While I am often asked “is now a good time to invest?” in both booming and declining economic times, I have recently been asked more and more about whether the economy is due for its first global recession since 2008-2009, and how to invest in preparation for the next recession. I recently wrote a short […]
The mutual fund as we know it today is almost 100 years old, and following important steps in 1934 and 1940 and then in 1974, mutual funds can be thanked for helping a large percentage of average working individuals save trillions of dollars for retirement in ways pre 20th century history might not have imagined. […]
I recently re-read the 5th edition of Jeremy Siegel‘s classic book Stocks for the Long Run, and thought it would be worth snapping the following 13 thought-provoking charts for reference. Of course, this is just my summary, and I expect to continue having to refer back to the book for more re-reads. Chart 1: US […]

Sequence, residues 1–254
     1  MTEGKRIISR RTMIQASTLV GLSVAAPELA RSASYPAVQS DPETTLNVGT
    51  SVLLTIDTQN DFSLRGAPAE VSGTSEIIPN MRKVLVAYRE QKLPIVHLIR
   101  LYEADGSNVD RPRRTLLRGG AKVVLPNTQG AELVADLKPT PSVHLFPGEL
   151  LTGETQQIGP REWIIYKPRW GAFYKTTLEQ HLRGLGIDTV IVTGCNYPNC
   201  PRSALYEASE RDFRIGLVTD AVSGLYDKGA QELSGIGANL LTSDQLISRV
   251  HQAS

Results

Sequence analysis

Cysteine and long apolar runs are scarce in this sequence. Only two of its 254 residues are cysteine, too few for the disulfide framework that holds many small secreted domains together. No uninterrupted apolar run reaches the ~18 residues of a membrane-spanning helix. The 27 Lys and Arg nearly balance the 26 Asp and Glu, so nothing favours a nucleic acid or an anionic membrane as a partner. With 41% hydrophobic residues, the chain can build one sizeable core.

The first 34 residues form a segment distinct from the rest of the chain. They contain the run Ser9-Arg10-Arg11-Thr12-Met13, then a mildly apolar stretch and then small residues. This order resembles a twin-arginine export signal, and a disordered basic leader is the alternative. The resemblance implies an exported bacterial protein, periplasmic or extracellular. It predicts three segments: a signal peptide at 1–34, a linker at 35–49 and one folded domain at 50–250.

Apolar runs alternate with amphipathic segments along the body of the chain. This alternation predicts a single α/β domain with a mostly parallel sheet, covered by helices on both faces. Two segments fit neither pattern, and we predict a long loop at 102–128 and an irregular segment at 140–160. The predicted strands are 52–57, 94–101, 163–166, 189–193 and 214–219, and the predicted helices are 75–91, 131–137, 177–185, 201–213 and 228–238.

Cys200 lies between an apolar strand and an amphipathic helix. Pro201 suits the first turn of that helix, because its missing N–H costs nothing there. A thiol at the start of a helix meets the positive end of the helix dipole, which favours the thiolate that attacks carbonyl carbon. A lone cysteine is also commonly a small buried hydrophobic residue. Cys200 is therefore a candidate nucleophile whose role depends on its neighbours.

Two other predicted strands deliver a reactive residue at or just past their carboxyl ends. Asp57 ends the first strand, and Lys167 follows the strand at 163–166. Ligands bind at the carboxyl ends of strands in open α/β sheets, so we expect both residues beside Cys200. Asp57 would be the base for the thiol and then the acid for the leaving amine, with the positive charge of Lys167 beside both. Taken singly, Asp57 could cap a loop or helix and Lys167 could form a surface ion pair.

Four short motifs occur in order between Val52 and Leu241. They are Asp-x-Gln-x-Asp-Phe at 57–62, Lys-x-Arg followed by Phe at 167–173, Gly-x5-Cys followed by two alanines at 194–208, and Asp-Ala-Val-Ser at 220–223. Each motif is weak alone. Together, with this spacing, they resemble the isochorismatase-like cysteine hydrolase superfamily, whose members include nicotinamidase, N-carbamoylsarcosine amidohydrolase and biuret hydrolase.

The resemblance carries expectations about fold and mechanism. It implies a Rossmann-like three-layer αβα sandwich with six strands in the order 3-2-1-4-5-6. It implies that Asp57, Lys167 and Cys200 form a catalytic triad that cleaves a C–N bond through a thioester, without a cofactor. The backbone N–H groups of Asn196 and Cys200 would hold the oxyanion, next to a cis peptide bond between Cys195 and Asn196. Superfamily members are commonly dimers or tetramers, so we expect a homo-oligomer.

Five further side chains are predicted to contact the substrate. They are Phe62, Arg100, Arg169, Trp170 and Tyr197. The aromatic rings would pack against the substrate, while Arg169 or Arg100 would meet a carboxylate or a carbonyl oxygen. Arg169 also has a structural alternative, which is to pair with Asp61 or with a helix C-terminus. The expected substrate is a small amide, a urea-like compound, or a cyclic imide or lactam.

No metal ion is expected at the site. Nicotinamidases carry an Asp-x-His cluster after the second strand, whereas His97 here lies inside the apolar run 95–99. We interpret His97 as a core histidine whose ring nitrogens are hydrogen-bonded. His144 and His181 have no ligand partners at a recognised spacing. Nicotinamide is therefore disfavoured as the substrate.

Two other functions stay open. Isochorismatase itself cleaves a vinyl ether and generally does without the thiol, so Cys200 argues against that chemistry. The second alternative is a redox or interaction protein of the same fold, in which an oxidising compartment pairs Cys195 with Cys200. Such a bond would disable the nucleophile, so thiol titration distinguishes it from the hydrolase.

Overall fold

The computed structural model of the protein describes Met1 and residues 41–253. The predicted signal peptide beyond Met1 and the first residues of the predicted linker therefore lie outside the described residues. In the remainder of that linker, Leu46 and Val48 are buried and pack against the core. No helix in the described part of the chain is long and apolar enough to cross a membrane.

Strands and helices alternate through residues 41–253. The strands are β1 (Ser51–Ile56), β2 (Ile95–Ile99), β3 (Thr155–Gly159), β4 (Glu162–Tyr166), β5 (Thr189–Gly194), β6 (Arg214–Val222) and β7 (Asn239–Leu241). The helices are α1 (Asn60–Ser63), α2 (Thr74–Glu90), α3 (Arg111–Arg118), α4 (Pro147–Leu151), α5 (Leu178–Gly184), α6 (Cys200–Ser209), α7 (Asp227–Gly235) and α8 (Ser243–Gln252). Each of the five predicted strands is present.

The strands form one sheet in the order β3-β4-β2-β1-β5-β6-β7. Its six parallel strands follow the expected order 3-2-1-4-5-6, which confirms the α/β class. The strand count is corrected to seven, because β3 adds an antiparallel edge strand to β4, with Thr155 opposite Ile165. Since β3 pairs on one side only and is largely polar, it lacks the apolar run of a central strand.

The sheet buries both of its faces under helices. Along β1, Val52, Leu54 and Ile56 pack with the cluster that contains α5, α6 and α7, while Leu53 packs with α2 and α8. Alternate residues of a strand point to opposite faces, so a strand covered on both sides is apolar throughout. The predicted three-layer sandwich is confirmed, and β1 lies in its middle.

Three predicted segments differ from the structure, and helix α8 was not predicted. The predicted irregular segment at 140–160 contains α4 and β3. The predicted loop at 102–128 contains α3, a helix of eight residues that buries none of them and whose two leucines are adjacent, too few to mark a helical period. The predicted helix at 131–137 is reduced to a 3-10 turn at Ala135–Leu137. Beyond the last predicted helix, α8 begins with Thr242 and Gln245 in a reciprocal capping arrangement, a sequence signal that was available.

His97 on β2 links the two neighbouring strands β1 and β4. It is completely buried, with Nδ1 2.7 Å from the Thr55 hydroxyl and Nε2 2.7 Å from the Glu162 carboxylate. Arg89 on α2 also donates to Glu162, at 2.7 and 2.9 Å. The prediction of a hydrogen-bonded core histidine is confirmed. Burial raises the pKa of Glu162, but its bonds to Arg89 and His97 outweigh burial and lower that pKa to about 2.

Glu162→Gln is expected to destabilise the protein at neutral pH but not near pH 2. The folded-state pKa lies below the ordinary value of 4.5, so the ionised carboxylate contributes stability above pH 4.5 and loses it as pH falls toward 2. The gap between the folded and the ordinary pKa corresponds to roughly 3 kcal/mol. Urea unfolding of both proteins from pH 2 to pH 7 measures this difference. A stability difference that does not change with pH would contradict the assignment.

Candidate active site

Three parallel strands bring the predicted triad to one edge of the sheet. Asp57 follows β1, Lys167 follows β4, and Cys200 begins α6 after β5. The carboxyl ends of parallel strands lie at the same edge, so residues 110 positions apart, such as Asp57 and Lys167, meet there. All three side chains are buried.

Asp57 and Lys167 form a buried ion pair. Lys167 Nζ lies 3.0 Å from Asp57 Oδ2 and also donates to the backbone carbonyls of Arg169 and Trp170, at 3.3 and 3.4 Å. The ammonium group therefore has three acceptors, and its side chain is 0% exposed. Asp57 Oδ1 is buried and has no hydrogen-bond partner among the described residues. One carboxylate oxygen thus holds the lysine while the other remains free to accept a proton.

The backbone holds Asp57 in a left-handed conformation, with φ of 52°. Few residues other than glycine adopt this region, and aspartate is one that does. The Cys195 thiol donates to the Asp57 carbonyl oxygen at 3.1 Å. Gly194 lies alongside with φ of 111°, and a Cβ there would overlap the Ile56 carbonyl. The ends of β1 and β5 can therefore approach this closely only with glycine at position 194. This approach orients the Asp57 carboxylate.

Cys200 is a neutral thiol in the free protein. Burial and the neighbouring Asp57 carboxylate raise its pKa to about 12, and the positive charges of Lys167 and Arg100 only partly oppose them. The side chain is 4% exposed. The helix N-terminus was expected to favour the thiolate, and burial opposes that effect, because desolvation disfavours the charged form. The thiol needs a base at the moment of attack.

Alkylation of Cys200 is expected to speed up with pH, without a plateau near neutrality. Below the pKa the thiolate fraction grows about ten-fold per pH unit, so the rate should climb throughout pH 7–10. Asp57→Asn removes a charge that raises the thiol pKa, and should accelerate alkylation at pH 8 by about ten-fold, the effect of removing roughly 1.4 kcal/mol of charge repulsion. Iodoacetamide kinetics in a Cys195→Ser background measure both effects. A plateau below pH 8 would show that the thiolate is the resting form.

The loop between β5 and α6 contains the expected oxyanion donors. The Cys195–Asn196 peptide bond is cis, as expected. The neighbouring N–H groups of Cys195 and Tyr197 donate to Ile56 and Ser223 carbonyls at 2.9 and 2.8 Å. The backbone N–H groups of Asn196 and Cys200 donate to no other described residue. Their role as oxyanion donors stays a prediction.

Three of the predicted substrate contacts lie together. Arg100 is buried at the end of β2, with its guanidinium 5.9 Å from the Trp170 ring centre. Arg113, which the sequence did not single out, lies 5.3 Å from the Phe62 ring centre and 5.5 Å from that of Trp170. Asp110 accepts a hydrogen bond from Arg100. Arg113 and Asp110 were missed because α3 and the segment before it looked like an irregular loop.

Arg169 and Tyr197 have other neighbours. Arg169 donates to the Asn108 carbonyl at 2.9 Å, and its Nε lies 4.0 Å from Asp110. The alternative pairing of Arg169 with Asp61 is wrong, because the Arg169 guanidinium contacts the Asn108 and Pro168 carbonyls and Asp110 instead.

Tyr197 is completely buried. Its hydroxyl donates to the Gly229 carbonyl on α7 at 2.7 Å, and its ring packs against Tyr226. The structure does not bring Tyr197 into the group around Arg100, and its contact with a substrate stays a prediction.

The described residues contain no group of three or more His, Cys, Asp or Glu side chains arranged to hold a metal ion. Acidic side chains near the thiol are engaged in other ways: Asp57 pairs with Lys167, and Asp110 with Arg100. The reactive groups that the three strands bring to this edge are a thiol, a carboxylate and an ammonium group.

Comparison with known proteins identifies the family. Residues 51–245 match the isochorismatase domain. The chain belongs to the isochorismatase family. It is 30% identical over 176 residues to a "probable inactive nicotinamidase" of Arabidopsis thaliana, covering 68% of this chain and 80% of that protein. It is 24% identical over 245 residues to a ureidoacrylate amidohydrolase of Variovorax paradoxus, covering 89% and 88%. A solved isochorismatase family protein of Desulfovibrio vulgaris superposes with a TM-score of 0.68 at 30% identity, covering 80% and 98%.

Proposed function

One of my favorite books is Ben Graham’s “The Intelligent Investor”. This page from the fourth revised edition (1973) gives a short but fascinating history of some amazing price swings in the not-too-obscure category of foreign government bonds, interesting in part because the government issuers aren’t around in the same form any more (Cuba had […]
My friend and colleague Umesh Desai, author of “The Singapore Blue Chips: The Rewards & Risks of Investing in Singapore’s Largest Corporations” will be presenting his book in Central, Hong Kong next Wednesday on August 2nd, 2017 at 4:30pm. I have written a brief book review earlier describing it as an easy, modular read on […]
My friend Umesh Desai recently gave me a signed copy of his book “Singapore Blue Chips: The Rewards and Risks of Investing in Singapore’s Largest Corporates”, which he co-authored with Nandini Vijayaraghavan. It is available from both the publisher and Amazon. The book is an easy, modular read with each chapter providing a concise history […]
Here is a chart showing the counterintuitive decade when “low yield beat high yield”, that is, low-yielding Japanese Government Bonds (JGBs) with a starting yield of 1.2% outperformed Australian government bonds with a much higher yield over 5%.